The proposed 2.1-km Link Road between Balbharati and Paud Phata will damage the ecology in parts of Vetal Hill but improve the air quality around Law College Road, the Pune Municipal Corporation (PMC)’s environmental assessment report has concluded.
The Link Road was proposed in the 1987 and 2007 development plans to ease traffic congestion on Law College Road. Though it was not opposed by local residents, the project was later approved under section 205 of the Maharashtra Municipal Corporations (MMC) Act. However, the proposal was struck down by the Bombay High Court on January 1, 2016, on the grounds that it did not take into account its environmental impact.
After approval from the state government, the PMC restarted the process to develop the 2.1-km Link Road between Balbharati and Paud Phata, a portion of which passes through Vetal Hill. “It is found that despite addition of public transport, bus routes of PMPML and considering a moderate vehicular growth, the proposed road is needed to cater to the traffic that connects the suburbs of Baner-Pashan to suburbs of Kothrud-Warje. The existing Law College road will be grossly inadequate to cater to any future growth,” said the Environmental and Social Impact Study (ESIS) undertaken for the project.
It further said, “There will be marginal improvement in air quality at locations on Law College road immediately. Further, due to faster commute time, commuters will be less exposed to air and noise pollution.”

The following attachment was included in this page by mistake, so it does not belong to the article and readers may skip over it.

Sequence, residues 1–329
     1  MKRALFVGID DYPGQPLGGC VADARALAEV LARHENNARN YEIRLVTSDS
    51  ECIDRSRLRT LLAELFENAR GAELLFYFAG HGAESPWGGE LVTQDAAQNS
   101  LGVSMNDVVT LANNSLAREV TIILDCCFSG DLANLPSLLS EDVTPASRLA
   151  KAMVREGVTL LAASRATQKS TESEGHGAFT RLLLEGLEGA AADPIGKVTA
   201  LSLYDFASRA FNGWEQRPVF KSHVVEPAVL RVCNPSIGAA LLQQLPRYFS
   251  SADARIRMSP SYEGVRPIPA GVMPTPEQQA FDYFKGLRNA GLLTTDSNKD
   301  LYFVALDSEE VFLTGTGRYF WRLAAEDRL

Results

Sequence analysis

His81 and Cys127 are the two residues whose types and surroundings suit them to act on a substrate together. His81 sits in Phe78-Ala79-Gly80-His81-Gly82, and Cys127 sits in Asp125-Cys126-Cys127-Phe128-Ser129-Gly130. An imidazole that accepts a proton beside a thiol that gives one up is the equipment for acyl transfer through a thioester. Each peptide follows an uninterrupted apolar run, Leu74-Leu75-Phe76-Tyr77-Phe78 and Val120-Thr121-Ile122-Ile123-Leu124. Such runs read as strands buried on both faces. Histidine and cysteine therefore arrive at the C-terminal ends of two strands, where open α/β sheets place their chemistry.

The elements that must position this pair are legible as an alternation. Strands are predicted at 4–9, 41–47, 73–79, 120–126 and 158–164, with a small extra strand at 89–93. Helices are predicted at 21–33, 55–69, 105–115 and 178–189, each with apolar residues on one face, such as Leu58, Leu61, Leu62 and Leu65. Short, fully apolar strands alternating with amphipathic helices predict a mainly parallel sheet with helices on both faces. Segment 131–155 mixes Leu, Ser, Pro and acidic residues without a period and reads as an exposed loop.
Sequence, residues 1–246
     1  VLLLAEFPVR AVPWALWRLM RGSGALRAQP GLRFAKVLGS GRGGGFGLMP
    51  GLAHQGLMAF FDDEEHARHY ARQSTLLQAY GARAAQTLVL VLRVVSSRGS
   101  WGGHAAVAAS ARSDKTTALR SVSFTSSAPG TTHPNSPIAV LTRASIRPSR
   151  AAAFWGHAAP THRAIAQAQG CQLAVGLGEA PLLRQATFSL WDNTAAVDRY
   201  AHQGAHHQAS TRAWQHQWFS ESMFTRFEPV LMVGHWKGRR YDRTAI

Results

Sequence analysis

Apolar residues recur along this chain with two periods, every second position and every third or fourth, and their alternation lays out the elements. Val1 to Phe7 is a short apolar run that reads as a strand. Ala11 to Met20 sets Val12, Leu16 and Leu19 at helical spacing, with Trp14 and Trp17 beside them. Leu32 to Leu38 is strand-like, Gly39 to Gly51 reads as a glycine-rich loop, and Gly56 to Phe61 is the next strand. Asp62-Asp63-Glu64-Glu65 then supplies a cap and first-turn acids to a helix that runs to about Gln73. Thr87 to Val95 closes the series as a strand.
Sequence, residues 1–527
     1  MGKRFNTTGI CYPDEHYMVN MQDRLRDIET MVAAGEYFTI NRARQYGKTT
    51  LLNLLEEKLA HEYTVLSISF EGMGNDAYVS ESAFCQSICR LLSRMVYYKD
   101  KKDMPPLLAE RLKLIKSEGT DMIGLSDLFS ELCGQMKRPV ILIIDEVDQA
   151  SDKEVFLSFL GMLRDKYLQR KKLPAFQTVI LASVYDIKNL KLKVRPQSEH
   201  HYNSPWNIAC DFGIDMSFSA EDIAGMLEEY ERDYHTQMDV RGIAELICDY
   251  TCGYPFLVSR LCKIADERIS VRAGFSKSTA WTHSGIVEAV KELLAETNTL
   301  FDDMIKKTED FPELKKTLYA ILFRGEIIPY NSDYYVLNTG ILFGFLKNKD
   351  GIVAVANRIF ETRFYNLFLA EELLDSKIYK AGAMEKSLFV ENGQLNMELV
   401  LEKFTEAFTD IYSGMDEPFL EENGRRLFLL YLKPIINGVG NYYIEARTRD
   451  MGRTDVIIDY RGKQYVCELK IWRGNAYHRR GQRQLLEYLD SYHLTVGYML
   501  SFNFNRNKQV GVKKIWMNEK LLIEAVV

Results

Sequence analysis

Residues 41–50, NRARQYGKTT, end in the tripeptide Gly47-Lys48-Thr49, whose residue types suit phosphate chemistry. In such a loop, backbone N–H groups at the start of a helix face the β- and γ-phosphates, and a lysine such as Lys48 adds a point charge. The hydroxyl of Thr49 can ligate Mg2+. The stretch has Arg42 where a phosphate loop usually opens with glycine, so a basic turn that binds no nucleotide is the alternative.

As per the cost-benefit analysis, the reports states that the road will lead to significant savings in travel time and vehicle operation costs. It also mentions that slum dwellers that are in the proposed alignment have shown a positive response to moving if an alternate house is provided to them in vicinity of the current site.
The report has also recommended “mitigation measures for the prominent environmental impacts of the proposed project mainly to the hydrological recharge capacity and biological resources, mainly flora in the project site”.
“This is necessary because the proposed road passes through areas that are rich in biodiversity, ecologically sensitive, comprised of a man-made forest and used regularly by thousands of people for morning and evening strolls,” the report added.
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